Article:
There’s no perfect time to try new things in the classroom, but my favorite time is right now.
I always think that I’ll revamp all kinds of lessons, policies, practices, texts, etc. at the beginning of each school year. After all, I’m feeling new and fresh and eager to begin school with all my new school supplies.
But August isn’t the best time for me to try new things.
To begin with, no matter how eager I am to start a new year, there’s simply TOO MUCH newness in August. The kids are new to me; I’m new to them; the class is new; the expectations are new. Everyone wants to see how their friends have changed over the summer and show off their new outfits, hairstyles, or muscles. There’s just anxiety all around.
Even if I wanted to try new things, and I do try some, I can’t even REMEMBER all of the things I thought I wanted to change. I find myself craving familiarity in the midst of all the change, and my brain is fuzzy from summer.
Then there all ALL THOSE THINGS teachers have to think about: taking attendance, learning names, planning the syllabus, making a million copies, filling out piles of forms, meeting new teachers and helping them learn the ropes, cleaning our rooms from the mess we left in May, for goodness’ sake. (That last one may just be a personal problem.)
I find that the best time for me to try new things is actually right now, after spring break.
There’s an energy that comes from spring. The sun is out; everything is new; the plants are starting to turn green. We can see the light at the end of the tunnel (even though there’s a giant hulking shadow in the tunnel called “standardized testing”).
There’s a freedom in already knowing the students and having a relationship with them. There’s a trust that isn’t quite there at the beginning of the year. And there’s a sense in which newness keeps everyone engaged. None of us want to be bored with the SAME OLD THING.
If I’m going to try new things, I do keep a few principles in mind.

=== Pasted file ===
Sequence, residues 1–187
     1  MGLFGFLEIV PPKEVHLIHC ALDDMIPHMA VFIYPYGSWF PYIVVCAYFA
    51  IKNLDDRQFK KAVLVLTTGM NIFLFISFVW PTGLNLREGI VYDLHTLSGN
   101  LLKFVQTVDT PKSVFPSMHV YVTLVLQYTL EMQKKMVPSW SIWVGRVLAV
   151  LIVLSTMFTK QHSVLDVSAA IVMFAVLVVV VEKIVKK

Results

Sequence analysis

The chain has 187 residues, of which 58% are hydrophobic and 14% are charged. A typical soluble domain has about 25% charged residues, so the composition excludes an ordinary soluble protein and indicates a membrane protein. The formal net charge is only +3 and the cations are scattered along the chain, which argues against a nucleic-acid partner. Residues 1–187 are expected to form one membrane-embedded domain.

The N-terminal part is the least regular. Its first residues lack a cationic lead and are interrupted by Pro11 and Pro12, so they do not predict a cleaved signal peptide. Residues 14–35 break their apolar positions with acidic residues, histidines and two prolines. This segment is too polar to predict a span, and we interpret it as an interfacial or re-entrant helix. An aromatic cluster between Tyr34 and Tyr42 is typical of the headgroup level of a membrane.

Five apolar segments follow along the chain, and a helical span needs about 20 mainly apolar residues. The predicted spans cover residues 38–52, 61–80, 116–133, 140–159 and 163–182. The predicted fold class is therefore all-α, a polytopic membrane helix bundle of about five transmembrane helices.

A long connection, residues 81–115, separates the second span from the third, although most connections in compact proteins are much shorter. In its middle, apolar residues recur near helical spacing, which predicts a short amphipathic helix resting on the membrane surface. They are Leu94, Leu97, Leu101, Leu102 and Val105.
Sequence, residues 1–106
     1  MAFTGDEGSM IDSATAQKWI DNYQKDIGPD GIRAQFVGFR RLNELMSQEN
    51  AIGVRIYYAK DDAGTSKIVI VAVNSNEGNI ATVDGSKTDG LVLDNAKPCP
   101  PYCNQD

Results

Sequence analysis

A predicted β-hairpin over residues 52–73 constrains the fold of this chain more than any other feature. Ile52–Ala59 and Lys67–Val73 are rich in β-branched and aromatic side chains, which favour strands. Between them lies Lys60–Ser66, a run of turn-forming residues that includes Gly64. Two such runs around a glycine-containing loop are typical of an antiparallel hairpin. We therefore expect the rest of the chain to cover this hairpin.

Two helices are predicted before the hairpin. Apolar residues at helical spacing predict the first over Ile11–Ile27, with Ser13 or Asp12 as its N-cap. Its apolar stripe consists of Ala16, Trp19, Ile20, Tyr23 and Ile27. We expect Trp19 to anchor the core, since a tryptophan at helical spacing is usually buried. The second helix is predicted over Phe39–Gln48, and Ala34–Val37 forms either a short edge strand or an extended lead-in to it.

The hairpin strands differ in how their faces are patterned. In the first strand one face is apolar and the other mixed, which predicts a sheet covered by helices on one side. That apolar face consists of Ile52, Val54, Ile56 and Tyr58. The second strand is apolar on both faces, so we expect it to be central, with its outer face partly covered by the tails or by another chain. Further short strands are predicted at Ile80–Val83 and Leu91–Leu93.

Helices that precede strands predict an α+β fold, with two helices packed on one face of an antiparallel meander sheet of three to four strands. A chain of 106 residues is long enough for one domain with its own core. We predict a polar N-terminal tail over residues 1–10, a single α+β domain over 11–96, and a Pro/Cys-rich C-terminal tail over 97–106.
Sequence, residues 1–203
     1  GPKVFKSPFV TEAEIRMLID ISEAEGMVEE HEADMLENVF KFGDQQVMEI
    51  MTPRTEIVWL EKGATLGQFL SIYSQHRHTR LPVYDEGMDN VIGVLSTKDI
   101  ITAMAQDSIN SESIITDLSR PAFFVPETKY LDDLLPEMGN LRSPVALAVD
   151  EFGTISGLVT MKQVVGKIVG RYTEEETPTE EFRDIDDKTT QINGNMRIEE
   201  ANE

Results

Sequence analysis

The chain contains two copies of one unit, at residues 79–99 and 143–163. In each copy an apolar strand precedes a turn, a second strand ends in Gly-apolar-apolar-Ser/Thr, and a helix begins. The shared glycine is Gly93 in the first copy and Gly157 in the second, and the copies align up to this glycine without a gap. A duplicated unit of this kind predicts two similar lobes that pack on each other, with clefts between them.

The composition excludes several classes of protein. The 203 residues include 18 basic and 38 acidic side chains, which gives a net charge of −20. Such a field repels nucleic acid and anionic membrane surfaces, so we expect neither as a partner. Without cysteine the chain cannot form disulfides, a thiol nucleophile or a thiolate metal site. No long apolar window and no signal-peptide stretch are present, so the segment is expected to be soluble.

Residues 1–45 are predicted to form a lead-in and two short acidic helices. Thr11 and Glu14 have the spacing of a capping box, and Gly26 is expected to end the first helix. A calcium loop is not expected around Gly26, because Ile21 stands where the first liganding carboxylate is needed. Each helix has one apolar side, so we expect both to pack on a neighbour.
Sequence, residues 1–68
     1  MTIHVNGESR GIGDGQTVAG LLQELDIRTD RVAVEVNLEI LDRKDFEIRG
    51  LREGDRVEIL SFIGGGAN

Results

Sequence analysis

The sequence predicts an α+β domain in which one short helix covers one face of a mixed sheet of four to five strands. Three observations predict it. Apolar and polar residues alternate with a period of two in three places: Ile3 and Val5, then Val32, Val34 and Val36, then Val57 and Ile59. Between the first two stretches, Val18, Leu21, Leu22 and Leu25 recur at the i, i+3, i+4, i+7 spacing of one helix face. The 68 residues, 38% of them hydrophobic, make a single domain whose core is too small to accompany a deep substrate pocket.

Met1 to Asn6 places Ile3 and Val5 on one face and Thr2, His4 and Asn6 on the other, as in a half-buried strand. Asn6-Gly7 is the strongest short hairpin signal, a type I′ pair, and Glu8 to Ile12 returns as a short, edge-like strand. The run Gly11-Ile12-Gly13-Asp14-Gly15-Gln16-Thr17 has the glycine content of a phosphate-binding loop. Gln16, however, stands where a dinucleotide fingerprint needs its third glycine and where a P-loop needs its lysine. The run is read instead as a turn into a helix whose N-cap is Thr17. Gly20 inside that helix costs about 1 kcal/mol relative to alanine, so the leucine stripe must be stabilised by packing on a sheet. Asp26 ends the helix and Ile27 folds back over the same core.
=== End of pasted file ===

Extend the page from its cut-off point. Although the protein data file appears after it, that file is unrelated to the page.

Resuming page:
For one, I make sure that I am flexible with my assessment. As I’m experimenting and don’t know exactly what I want, I should be sure that doesn’t create anxiety in my students.
I find that right now is when the students and I are most open to newness. This may partly be because I teach seniors, so they feel like they’re on their way out anyway. They aren’t AS nervous about me wrecking their GPA or their college plans or their lives. I mean, they might gripe about trying anything, but that’s just the high school party line. I stopped worrying about griping a REALLY long time ago.
But still, I want to make sure that I don’t inadvertently provoke bitterness because I’m unclear about my expectations on the front end and then a stickler on the back end.
I spend a lot of time assuring the students that I’m not totally sure what we’re doing, but that they will not pay the price for my experimentation.
On that note, I try to involve the students in the process of trying and learning the new thing. I ask them questions about how an activity or a lesson went. I ask them how it could be better. I write down what they say. I adapt and explain how my adaptations relate to their suggestions.
Also, the first time I try anything, it’s not really that great. I have to be prepared for this and use the experience to learn how to improve. Let me repeat: the first time you try anything, it probably won’t work like you want it to. Just like the first time you try a recipe or a hairstyle or a Pinterest craft or that eyeliner trick that everyone else seems to be able to do. It probably won’t fit right or feel right.
That doesn’t mean it’s a failure. It means it’s the first time you’ve done this thing.
Last year, in the spring, I decided to rework my use of Harkness discussion and split the class in half to create a smaller discussion circle. I had to create an observation sheet for the students who weren’t in the circle, and I’m probably on my 5th version of that document now.
Last year, in the spring, I decided to try teaching two completely new major works with a completely new assessment for my epic unit. I didn’t know either of these works really well, and I doubted myself. The assessment worked somewhat, but it didn’t really live up to my vision.
But that doesn’t mean that those changes were failures. It means that I got the trying out of the way, and this year I can revise accordingly.
This, by the way, is a final principle of trying new things: you always have the freedom to revise or abandon the new thing. There is no pressure to do it perfectly the first time or to continue with a practice that isn’t working.
This year I decided to start a campus Twitter chat. This year I decided to change my entire research project from one over a contemporary novel to one over poetry. I have no idea if either of these endeavors will bear the fruit I hope they will.
This year I’ve set aside the last few weeks after our AP exam for some serious experimentation. I don’t even know exactly what we will try yet, but I’m excited to find out!
Will you join me in this endeavor? What are some new things you want to try?